Lately we've been making the most of the good weather. Although we've been happy to stay home and get on with the gardening it has also been good to go out for days and explore more places that we can get to in under an hour. Derbyshire continues to draw us and the area around the famous 'plague village' of Eyam has been on a wish list for some time. It proved to be a good day, especially as we had a daughter and a grandson with us. I'll be writing about Eyam another time as just the two of us returned there yesterday to see those things we missed on the first visit.
Stoney Middleton is in the White Peak area of the Peak District in the limestone valley of Middleton Dale. Eyam is close by. Drivers pass through quite quickly because it's diffult to park on the main road due to parking restrictions. On the outskirts there's a towering cliff on one side and on the other there are woods and a brook which runs alongside the road. Remembering this from last week's drive we parked in a side street before we got to that point. From there we were able to walk around this very picturesque and interesting village which has close links with Eyam as I found out from reading the moving stories about the people who lived there. The Eyam villagers were in self-quarantine to stop the bubonic plague spreading to the surrounding villages. It had been brought in through some flea-infested cloth that had been transported up from London to the local tailor. As a consequence, from the outbreak in 1665 and for about fourteen months, whole households were stricken with the infection with the loss of over 200 lives. During this time the villagers of Stoney Middleton would leave food at certain spots on the border between the two villages.
The outskirts of Stoney Middleton - travelling towards Eyam (yesterday) and below travelling in the opposite direction back from Eyam (last Thursday).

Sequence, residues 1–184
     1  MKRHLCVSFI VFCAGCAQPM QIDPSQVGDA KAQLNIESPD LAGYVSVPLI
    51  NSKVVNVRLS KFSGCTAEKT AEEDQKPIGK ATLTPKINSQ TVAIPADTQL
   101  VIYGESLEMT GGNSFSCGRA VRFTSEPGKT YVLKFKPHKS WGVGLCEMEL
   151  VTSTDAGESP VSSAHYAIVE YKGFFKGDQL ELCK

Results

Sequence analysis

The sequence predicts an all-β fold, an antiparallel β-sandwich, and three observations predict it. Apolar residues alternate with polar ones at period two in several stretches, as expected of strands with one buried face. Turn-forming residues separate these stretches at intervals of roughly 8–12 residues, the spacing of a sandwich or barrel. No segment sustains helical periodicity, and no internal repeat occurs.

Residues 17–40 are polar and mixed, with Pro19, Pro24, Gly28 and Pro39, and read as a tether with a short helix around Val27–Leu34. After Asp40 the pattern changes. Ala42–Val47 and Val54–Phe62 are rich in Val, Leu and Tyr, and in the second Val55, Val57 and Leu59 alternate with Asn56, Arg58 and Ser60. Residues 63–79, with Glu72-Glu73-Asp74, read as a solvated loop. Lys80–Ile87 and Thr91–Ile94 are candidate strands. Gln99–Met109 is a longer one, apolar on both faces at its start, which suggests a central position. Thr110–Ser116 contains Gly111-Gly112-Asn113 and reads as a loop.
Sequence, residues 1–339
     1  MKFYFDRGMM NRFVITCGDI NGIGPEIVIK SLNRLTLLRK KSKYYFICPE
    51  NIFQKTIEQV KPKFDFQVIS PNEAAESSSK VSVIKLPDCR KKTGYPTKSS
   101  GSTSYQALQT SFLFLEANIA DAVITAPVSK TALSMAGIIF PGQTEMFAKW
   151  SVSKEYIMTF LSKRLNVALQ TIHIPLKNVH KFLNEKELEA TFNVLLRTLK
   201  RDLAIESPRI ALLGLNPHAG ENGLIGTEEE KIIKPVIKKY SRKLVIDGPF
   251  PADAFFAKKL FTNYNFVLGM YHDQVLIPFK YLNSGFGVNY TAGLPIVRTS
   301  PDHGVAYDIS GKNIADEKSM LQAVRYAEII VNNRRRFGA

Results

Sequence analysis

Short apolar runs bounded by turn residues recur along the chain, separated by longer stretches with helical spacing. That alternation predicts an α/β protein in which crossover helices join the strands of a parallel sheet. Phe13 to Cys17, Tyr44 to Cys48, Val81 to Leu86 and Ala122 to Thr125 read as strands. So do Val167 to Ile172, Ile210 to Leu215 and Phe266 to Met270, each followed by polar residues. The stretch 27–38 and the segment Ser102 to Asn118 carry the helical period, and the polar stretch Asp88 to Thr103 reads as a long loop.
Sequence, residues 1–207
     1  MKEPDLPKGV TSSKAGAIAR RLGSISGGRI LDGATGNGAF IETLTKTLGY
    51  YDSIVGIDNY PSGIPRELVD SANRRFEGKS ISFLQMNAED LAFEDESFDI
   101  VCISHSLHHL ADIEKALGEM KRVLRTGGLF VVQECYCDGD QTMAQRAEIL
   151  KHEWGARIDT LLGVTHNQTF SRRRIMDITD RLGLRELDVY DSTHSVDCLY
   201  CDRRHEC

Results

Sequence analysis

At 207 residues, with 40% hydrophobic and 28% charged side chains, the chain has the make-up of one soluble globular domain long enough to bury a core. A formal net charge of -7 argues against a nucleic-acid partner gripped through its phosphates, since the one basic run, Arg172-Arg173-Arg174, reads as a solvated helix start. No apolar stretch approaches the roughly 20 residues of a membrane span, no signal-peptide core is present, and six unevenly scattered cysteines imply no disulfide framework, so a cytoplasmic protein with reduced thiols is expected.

I think the men are working to secure the possible fall of loose rocks by attaching nets in some places to the rock face.
In the dale were several quarries and this was once a major source of employment for the village.
A road was blasted through Stoney Middleton in 1830 and in 1840 an octagonal toll house was built.
It's now a fish and chip shop.
The Moon Inn was and probably still is a popular place for walkers, cyclists and rock climbers to take a break. We had spent quite a lot of time in the tea room and a local inn during our visit to Eyam last Thursday so this time I was eager to spend more time walking as we'd started out early in the morning and weren't in need of refreshments.
The buildings towered above my head and I noticed this arch set in one of them and just had to take a peek inside. There was a shrine with icons hanging on the wall and it's at this point I would have loved to have had a villager as guide to explain more. I'm so glad I was curious enough to take a look though.
I believe the bottom icon depicts the resurrection of Jesus and his triumph over Death. I have a similar one which I bought in Jerusalem many years ago in the 1980s.
A brook runs through the village - you can just see a wooden footbridge over it in the above photo. Wandering at will I missed out on walking on the path near it, but there was more to see as I climbed up the narrow lane to the buildings on a higher level. The fold which must have once been for sheep is now a little garden where anyone can sit and rest particularly walkers following the public footpath out into the countryside beyond the village. Next to it is the Weslyan Reform Chapel which dates from the early 19th century and is still a place of worship.
Bootmaking was also a major industry in the village. There were buildings that looked as if they had been used for that purpose and interesting cottages and houses, large and small.
I couldn't get a full shot of this house (above) as the lane was narrow and my back was pressed up against the stone wall. Perhaps it was the residence of the owner of the footwear company?
Following the path by the brook I got another shot at a different angle. Here, in an area of the village called The Nook the shadows made it difficult to get good photos. I have two digital pocket cameras and I find the Samsung takes better photos than the Panasonic, but the Panasonic has more zoom capacity. At least I can swap over if the battery gives out on one of them.
In The Nook are the entrance gates of Middleton Hall with the Parish Church next to it. The church is dedicated to St. Martin as is the nearby spring, which is located up a nearby lane. This needs a post of its own so sit for a while - if only you could hear that babbling brook as I did - and I'll be back soon to continue with the walk around Stoney Middleton.
|Looking through the gates of Middleton Hall I caught a glimpse of masses of daffodils and the water of the brook must meander through the gardens.|